I’d have to go back and look. It’s been so long, I’ve forgotten about it.

Heininger

They didn’t want to target the institutions?

Hartle

They didn’t want to target the institutions. They had been lobbied very heavily by proprietary schools not to do this. The Senator kept saying, “The people who lose when schools don’t provide the education are the students. We ought to give the schools a pretty strong incentive to make sure that their students are getting an education and that the students understand that they have to repay the loan.”

Heininger

So Kennedy was defining the problem by saying that there were institutions that were providing an education that left people either dissatisfied or whatever and that they weren’t communicating the necessity of repayment.

Hartle

It was more that there were individuals who were getting a student loan but who were not necessarily getting an education that enabled them to repay it. His concern was for the individuals who were going to find themselves hounded by the Federal Government. 

The other thing that happened, starting in ’89/’90, was that Lamar Alexander became Secretary of Education. Lamar began to rebuild the Department of Education’s student-loan management. The Reagan administration, as I mentioned, had entered office committed to killing the Department of Education. They hadn’t been able to do that. It had become impossible after the Nation at Risk report, but they had starved it for resources. They hadn’t paid much attention to the day-to-day business of running the government programs. And for a while when you do that, not much happens, but all of a sudden you look around and you have a big problem somewhere, and that’s where it showed up, in the student-loan program. They lost lots of staff. They didn’t take very strong action against banks or guarantee agencies that violated the program. Secretary Alexander, now Senator Alexander, came in and emphatically said, “We will run these programs appropriately,” and that’s what happened.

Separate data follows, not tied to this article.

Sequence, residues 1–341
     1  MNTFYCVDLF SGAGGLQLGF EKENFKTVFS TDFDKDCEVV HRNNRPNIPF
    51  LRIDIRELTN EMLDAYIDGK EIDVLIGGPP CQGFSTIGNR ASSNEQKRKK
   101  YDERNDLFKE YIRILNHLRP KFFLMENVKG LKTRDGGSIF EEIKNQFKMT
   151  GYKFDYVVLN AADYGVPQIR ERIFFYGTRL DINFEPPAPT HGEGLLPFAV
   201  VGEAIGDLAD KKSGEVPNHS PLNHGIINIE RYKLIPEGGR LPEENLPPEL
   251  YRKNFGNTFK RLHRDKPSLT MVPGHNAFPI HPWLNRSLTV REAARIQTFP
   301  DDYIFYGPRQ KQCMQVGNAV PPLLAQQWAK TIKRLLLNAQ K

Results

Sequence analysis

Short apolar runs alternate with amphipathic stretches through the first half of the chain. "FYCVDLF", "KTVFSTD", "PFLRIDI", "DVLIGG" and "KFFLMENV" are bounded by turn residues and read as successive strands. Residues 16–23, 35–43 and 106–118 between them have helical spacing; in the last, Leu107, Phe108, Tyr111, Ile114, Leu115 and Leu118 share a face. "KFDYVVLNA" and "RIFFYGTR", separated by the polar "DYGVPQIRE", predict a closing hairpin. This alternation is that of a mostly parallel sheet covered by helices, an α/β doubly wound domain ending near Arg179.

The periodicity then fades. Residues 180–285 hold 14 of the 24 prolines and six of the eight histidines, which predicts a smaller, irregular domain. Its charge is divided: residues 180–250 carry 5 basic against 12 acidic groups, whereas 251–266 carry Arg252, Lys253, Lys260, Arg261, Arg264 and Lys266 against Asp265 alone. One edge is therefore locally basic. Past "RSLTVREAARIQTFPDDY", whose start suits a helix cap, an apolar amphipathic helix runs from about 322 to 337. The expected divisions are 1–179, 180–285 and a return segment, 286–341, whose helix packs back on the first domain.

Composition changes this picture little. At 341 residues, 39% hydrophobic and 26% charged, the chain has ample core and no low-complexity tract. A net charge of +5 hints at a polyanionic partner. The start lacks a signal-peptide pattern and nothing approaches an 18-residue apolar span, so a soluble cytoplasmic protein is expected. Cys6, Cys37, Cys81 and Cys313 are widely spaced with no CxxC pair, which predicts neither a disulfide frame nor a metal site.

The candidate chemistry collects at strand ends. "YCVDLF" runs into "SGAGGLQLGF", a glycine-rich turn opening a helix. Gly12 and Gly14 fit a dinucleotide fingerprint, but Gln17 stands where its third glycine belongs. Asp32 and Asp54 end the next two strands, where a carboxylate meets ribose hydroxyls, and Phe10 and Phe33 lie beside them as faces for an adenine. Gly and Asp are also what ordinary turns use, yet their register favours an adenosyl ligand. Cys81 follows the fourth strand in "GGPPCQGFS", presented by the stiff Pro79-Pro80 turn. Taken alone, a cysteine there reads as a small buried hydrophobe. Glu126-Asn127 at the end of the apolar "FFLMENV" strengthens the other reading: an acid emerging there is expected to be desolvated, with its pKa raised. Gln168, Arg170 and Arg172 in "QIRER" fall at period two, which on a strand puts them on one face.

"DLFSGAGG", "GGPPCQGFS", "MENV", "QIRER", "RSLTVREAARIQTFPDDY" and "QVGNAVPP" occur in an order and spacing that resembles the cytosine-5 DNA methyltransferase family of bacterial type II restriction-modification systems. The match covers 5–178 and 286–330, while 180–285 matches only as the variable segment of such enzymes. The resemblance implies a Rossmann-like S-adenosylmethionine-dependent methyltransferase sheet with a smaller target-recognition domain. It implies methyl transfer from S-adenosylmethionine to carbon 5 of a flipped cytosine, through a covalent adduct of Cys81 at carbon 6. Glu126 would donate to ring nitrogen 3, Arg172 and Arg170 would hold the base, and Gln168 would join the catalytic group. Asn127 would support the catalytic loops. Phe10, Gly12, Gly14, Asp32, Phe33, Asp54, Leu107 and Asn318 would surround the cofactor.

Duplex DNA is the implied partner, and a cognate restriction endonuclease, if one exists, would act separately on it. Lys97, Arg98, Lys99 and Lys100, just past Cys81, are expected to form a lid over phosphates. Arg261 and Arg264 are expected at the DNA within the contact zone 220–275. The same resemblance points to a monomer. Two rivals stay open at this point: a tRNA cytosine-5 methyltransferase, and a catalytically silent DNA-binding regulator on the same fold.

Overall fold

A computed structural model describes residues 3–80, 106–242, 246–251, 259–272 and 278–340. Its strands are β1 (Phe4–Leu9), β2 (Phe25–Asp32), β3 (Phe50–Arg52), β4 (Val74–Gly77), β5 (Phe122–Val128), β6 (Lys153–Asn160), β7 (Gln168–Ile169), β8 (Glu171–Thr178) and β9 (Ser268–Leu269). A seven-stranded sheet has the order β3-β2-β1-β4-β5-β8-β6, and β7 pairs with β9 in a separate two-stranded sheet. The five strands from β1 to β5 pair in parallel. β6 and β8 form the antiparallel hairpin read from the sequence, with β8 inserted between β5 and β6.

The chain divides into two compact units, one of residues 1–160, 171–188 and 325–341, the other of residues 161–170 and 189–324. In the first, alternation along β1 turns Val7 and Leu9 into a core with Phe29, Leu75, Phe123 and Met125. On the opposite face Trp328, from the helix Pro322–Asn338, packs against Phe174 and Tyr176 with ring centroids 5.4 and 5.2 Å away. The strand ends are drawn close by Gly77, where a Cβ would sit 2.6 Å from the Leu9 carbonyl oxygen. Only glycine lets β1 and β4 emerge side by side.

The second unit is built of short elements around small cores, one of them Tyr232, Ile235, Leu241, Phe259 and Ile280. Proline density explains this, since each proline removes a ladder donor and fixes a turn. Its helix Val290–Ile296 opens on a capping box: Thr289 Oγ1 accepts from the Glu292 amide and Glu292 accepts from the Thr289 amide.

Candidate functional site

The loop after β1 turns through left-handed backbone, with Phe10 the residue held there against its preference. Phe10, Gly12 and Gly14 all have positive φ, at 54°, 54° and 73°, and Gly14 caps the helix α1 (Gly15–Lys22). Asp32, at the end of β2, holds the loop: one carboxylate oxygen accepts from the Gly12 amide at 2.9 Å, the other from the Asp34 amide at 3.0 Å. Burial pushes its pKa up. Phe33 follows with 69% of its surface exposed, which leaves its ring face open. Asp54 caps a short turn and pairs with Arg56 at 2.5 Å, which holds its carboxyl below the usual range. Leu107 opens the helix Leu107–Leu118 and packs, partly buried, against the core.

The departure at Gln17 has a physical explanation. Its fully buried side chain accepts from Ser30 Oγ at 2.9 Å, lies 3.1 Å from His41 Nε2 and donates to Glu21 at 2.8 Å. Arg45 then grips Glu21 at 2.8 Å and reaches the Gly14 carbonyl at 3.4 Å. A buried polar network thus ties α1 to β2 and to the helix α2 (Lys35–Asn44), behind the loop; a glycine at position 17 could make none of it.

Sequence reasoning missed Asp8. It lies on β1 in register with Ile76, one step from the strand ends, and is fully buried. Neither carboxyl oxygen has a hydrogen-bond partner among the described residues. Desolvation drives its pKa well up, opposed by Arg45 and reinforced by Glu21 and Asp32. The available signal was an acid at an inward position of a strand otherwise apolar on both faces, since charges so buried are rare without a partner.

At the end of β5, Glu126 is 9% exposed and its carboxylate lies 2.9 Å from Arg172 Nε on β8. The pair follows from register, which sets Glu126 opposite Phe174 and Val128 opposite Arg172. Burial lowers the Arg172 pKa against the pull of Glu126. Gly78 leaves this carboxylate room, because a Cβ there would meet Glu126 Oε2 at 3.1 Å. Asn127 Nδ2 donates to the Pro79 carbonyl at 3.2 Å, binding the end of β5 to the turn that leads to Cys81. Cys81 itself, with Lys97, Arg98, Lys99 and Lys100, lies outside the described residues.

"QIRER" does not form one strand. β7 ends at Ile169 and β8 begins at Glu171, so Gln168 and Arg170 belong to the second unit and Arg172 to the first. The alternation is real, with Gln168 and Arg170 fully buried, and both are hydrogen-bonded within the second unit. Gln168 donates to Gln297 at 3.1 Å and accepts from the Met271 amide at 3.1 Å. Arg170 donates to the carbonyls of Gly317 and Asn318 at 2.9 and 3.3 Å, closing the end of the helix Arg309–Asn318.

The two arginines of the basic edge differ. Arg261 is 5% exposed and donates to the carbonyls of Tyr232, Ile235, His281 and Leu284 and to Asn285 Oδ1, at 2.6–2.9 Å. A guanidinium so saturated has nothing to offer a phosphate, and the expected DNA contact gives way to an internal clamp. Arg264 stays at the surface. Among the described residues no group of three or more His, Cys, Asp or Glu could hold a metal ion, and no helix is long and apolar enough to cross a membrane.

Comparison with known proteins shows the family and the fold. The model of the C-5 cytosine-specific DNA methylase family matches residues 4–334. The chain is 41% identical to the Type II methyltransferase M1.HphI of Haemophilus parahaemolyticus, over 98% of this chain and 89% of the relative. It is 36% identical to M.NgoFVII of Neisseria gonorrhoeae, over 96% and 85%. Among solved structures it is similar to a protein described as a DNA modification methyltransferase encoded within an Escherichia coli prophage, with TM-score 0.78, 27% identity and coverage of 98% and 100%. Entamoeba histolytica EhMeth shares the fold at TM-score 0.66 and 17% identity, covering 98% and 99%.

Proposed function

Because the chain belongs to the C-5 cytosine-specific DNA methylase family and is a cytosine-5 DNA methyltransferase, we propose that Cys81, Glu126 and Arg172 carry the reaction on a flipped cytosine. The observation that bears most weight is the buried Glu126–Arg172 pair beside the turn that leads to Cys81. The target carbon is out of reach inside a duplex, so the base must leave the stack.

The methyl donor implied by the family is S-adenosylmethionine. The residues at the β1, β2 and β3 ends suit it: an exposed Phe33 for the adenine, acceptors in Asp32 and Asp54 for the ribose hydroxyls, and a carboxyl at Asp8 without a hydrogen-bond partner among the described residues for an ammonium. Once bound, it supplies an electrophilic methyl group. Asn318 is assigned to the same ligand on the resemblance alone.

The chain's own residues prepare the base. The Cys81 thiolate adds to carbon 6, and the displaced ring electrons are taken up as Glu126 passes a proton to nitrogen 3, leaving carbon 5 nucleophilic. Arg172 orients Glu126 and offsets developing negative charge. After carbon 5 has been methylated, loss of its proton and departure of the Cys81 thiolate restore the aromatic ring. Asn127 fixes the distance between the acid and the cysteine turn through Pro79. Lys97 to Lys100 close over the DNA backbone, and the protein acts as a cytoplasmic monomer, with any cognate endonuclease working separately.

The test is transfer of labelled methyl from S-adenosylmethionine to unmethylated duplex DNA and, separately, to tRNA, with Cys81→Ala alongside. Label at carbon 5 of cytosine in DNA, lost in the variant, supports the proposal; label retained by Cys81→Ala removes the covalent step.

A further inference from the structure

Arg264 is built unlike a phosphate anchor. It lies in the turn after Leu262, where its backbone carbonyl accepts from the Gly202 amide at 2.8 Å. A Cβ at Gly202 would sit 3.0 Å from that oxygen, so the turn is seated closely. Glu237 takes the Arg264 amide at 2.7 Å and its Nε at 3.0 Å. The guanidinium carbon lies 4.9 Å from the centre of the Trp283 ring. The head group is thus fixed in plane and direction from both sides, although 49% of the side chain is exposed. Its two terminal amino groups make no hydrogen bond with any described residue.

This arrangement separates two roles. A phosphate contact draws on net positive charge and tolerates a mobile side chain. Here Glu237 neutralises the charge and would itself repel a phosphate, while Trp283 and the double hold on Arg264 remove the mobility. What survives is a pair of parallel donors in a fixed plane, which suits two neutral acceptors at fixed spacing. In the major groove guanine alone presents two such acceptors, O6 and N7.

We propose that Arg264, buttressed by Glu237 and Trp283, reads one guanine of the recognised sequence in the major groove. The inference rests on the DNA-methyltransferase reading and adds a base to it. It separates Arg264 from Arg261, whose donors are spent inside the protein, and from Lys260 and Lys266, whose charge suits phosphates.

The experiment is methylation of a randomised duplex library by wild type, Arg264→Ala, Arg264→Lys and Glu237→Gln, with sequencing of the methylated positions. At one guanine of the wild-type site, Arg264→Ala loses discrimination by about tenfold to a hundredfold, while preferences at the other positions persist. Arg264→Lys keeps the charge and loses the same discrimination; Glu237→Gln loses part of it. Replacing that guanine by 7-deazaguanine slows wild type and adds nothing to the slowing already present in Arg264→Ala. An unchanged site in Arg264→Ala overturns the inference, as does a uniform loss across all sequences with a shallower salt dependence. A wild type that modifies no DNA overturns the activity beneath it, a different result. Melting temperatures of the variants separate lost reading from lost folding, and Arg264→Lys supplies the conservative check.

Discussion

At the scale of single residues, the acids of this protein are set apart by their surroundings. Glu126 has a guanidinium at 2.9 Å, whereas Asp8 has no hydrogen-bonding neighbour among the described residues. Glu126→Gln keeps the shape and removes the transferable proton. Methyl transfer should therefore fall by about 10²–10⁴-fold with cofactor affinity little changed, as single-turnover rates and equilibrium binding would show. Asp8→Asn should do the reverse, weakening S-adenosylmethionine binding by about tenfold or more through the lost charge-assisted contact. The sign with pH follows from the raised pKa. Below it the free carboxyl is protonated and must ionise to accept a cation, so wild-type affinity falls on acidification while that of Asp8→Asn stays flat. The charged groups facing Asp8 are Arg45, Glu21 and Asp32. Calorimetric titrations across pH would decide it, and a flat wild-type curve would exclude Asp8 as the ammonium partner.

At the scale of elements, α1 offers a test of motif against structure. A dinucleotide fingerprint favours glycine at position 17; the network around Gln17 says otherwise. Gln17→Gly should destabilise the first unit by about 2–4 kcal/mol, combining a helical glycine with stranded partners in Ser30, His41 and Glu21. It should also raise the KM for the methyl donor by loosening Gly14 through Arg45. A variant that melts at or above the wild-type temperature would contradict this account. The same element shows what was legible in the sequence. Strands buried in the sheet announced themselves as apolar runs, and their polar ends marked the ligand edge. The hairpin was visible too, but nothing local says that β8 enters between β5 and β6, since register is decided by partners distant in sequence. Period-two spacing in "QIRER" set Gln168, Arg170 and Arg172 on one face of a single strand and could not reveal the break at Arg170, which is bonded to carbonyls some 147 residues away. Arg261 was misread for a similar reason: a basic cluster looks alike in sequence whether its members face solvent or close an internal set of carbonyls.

Heininger

Was he given a directive from Bush at that point? Was this a concern to Alexander or a concern to Bush or to both?

Hartle

I have no idea whether it was a concern to Bush. It was a concern to Alexander. Remember, he had been president of the University of Tennessee. He was aware of these debates. The Department of Education had been hammered about the head for not administering the student-loan programs carefully. There were lots of reasons why he was going to give it attention, and he did. Congress imposed some new laws, gave the Secretary of Education some authority, and things worked.

Heininger

And some tools.

Hartle

Yes, and the default rate in federal student loans went from, I think, 21 or 22 percent in 1990 to about 5 percent today. Within a decade the problem had been turned around. 

Heininger

That’s an extraordinary success rate.

Hartle

Yes, and it’s not the sort of thing that the media ever picks up on. You don’t see stories about how the Department of Education has managed to turn this program around, but that’s what it is. 

For a long time in the 1970s, the problem in the Federal Student Loan Program was not defaults; it was access to capital. The students were going to certain kinds of schools, and they couldn’t get access to federal student loans. There were several reasons for it, but in the 1970s, Congress took steps to liberalize access to student loans in order to make sure that students could get student loans, and they went a little too far. They made it a little too easy to get loans. They made it a little too easy for schools to qualify. By the end of the next decade, ’87/’88, we were looking at scandalous default rates. But default rates are always a lagging indicator, because you can’t change the terms of a student loan after you’ve given the student the loan. It’s a contract. Problems showed up several years after the fact.

Heininger

And they have to complete the education first in order to get to the time period, or then they have to start repaying.

Hartle

Right. On the other hand, you can take pretty stiff action, but it will be a while before you’ll see the results, because it only applies to new loans. It doesn’t apply to old loans. You can’t say to a student who has taken out a loan and who has defaulted on it, “We’re changing the terms of your loan.” It doesn’t work. You can’t say the next day to a student who took out a loan yesterday, “We’re changing the terms of your loan.” It’s a contract. It took a while for the results to show up, but when they showed up, they were quite powerful. That was another thing that happened in ’87/’88. This issue that would be of great concern to federal policy makers throughout the 1990s first emerged.